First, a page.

Category Archive: Blog

Why Work With an Overseas Manufacturing Company?

Outsourcing your manufacturing processes can provide ample benefits to your company, saving money and time while increasing efficiency in bringing your product to market. With some research on your part, you can find the right manufacturer and navigate the request for proposal process to find an outsourcing solution that meets your needs.

What Is Outsource Manufacturing? What Are the Benefits of Outsourcing?

Outsourcing manufacturing means partnering with an outside company to produce your product or product components. Outsourcing can help your company remain competitive by keeping up with high demand, lowering labor costs, and eliminating the struggle to find skilled labor. Working with a manufacturing and outsourcing company provides immediate expertise in your needed field.

Outsource manufacturing also provides access to state-of-the-art equipment without investing your resources. The manufacturer already has the machinery as well as safety and quality standards in place. The outsource manufacturer should be able to scale operations to fit your needs, even if they change over time. While all of this is occurring as part of a consolidated, efficient process with the outside manufacturer, your company can instead focus on your core business and what you do best.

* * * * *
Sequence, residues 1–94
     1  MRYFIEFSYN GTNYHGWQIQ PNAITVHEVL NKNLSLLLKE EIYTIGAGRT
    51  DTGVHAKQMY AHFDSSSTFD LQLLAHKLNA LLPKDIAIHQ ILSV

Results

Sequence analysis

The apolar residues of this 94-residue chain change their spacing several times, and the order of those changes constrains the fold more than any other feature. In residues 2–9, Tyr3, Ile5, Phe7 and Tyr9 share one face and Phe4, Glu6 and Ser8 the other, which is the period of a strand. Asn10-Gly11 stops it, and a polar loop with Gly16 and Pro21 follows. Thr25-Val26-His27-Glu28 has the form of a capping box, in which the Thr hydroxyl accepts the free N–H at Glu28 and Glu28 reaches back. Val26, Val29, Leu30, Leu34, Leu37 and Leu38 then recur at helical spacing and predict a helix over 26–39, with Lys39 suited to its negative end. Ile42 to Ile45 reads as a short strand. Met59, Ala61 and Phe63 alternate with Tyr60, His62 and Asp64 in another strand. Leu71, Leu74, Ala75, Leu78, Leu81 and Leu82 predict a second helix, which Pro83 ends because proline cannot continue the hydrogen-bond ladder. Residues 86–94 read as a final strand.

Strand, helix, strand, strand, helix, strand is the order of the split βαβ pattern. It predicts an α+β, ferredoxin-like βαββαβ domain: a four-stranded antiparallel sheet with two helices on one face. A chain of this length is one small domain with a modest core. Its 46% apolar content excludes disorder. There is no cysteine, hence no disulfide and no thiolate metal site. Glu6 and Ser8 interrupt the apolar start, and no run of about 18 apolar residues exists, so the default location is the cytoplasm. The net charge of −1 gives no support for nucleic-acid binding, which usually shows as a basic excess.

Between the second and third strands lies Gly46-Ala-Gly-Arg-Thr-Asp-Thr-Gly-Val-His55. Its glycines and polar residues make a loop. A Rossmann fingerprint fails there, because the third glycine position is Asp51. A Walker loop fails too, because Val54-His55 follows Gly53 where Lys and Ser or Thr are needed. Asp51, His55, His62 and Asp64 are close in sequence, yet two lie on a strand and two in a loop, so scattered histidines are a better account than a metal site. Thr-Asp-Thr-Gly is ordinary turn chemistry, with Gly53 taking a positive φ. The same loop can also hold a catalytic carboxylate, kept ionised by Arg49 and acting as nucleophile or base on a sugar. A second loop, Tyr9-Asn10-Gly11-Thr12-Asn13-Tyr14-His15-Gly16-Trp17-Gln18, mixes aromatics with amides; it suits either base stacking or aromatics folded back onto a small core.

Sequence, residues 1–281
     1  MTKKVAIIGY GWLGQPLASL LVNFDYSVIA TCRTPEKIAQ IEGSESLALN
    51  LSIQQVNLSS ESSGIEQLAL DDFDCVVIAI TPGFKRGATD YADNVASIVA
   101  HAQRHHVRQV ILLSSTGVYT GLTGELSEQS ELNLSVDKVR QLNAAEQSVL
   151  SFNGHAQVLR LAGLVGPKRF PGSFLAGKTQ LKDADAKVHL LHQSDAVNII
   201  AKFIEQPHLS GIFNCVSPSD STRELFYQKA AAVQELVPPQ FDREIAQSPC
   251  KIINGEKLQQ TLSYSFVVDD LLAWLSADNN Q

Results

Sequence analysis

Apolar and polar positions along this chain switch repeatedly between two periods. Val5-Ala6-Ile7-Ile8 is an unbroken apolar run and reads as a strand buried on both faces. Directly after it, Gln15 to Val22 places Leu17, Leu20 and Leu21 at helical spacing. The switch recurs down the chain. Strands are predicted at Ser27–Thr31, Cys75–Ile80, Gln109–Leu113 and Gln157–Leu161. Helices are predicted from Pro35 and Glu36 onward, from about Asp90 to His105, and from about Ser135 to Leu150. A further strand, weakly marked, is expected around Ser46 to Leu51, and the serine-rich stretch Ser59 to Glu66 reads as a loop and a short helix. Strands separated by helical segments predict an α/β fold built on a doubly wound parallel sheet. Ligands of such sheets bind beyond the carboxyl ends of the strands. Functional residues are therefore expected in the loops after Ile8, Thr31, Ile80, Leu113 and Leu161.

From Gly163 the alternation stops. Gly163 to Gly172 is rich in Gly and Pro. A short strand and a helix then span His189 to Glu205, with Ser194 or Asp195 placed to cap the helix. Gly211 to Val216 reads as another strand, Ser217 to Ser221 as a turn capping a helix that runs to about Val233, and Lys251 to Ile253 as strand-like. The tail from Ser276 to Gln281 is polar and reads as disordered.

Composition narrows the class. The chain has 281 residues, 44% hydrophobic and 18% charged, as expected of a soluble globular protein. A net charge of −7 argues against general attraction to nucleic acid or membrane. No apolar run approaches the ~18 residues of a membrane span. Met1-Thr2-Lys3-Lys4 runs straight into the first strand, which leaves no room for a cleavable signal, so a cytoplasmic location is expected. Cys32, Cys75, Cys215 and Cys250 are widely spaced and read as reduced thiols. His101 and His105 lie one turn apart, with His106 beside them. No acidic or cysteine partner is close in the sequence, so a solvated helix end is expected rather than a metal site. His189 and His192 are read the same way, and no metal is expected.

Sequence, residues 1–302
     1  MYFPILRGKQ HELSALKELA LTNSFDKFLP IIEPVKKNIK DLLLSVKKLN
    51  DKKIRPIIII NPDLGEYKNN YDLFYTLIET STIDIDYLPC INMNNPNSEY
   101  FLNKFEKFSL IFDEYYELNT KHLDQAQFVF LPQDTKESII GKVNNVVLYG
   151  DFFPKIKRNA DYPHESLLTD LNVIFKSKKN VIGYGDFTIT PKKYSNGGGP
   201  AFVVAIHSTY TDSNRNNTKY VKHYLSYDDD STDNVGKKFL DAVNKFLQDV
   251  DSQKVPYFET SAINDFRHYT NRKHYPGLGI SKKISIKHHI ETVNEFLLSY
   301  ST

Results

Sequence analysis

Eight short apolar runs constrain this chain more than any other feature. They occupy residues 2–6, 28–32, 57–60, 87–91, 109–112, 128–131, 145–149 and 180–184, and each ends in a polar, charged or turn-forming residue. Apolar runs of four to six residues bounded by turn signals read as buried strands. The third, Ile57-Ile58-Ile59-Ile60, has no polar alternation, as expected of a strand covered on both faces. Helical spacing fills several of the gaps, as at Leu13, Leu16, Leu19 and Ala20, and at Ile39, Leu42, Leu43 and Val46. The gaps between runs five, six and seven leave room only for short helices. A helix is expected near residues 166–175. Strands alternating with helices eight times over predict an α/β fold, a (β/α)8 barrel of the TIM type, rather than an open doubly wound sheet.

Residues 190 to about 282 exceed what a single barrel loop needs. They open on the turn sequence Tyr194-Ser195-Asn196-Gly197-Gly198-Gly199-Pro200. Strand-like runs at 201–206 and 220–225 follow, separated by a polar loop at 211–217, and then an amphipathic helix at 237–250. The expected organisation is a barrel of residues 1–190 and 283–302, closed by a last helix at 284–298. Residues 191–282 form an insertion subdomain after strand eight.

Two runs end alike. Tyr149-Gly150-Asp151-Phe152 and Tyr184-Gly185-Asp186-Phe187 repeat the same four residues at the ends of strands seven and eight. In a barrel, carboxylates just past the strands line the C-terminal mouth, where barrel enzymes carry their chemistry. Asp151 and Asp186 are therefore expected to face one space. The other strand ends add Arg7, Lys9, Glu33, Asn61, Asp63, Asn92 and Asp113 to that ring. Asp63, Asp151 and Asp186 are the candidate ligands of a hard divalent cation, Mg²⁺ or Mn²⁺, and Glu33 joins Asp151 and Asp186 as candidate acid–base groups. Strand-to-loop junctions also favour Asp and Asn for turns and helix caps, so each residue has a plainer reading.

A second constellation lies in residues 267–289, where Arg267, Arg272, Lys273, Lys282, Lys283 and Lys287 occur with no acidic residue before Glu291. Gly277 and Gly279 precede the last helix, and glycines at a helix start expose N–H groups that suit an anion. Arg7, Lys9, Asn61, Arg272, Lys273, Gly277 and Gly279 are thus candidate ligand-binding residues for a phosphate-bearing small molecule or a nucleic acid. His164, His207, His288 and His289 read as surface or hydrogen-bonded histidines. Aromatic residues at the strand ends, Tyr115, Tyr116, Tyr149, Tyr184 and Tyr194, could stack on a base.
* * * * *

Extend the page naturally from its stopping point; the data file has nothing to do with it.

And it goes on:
Finding an Outsource Manufacturer

When looking for an outsource manufacturer, research carefully to find a company with mutual interests that will protect the quality of your brand. Consider the following:

  • Available services. The manufacturer’s capabilities should fit your project’s requirements.
  • Budget. Determine the cost per part to see if the outsourcing partner can meet your budget and reduce overall costs.
  • Equipment and technology. Inspect the manufacturer’s current machinery and processes, and ask if they are willing to upgrade if needed.
  • Lead times and delivery. Review the manufacturer’s ability to consistently produce and deliver products on time.
  • Licenses and certifications. Contract with manufacturers that hold the correct legal documentation to conduct business.
  • Minimum orders. Confirm if the manufacturer requires a certain minimum order and if that fits with your business plan.